100% Michigan Grown Staple Crop Seeds that Empower Your Plant-based Lifestyle Goals


Of curling snow, carrots, and cabbages

Eleanor H.

snow curling off the edge of the barn roof

Blustery winter days are perfect for assessing our mission, reviewing our progress and for setting goals for the coming season. Strengthening our homestead's capacity to supply our family food needs extends to seed production and corresponds well with our commitment to a staple crop focus. Assured in our ability to harvest viable seeds for many grain, legume, and squash varieties, we aim to improve our skill in the realm of the biennials which need two growing seasons to produce their seeds. A goal over the next few years is seed self-sufficiency for cole crops, such as cabbage, and for beets and other root crops.

The barn's curling rooftop snow is one of Mother Nature's reminders that growing biennial crops in Michigan for seed involves successfully overwintering “parent” plants, protecting them from winter's harsh touch. Our two-chamber root cellar allowed us to store beets from our 2017 harvest to plant for 2018 seed production. Unfortunately after we planted out our parent beets they were heavily damaged by hungry critters so our seed harvest was modest. We remain determined however, and this coming season we will plant our home-grown beet seeds. We are excited (and a bit anxious) to discover what grows from our efforts. As we are committed to producing 100% of the seeds we sell, we anticipate needing at least two more growing seasons before we can confidently offer our beet seeds. As to other root crops, we've been asked to include carrot seeds in our inventory. Carrots are biologically the same as the abundantly wild Queen Anne's Lace which puts carrots at the bottom of our priority list for now.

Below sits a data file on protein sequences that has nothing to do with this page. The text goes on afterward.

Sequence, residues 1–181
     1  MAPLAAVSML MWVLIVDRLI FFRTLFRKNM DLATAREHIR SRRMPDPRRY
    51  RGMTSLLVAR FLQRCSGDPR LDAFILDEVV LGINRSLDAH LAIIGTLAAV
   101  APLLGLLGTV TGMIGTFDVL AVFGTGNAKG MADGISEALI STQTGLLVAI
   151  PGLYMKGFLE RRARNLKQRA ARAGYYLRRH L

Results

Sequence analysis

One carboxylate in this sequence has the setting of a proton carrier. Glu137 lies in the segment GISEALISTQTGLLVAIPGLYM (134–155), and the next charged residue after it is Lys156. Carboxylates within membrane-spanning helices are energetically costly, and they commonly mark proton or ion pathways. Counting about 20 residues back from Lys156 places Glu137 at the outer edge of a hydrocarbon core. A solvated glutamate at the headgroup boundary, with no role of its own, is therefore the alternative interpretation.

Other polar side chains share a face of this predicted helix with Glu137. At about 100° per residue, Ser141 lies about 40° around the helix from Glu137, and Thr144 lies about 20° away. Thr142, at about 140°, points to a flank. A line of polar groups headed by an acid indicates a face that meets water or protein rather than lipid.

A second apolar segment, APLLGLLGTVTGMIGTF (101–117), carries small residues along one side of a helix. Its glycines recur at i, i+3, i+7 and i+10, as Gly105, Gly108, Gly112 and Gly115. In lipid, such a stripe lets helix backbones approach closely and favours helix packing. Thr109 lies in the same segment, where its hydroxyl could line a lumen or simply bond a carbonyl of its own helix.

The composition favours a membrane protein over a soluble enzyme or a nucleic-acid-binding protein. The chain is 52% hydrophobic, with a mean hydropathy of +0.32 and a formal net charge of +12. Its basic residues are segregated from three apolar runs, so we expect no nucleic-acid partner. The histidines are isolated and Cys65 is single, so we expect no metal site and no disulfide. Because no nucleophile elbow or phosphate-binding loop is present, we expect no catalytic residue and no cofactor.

With respect to cabbage or other cole crops, in addition to the biennial overwintering requirement, we are challenged in that one species, Brassica oleracea, is represented by seven different crop types. Cabbage, kale, cauliflower, Brussels sprouts, kohlrabi, collards and broccoli are all Brassica oleracea! The fact they are pollinated by insects means active measures to avoid contamination of pollen are required. Currently our plan is to work with kale and cabbage; but again, as with beets, we cannot confidently offer seed of these crops until we experience several successful growing seasons. We will use this year to trial numerous varieties to determine which one(s) will progress to our seed production project.

Production of seed for biennial varieties forces us to reflect on our 100% homestead grown policy. “Why don't you just do what most seed companies do and sell repackaged seed?” We understand why this is common practice, especially after the recent conferences we attended. Many crops are finicky in their requirements to produce top-quality seeds. Specialized growing regions exist for them so it is advantageous to buy seeds wholesale from reputable growers in those areas. Most companies also prefer to have a more extensive inventory. We rely on them for our own garden needs for varieties whose seeds we have yet mastered. Our dedication to homestead self-sufficiency and our strong conviction in the importance of a local seed stock greatly influences what we sell. We do not envision Great Lakes Staple Seeds offering as broad a crop diversity as our colleagues. Our mission is to focus on raising robust staple crops suitable for the Great Lakes region and to excel at harvesting high-quality, regionally adapted seeds from them to offer to you, our fellow gardener.

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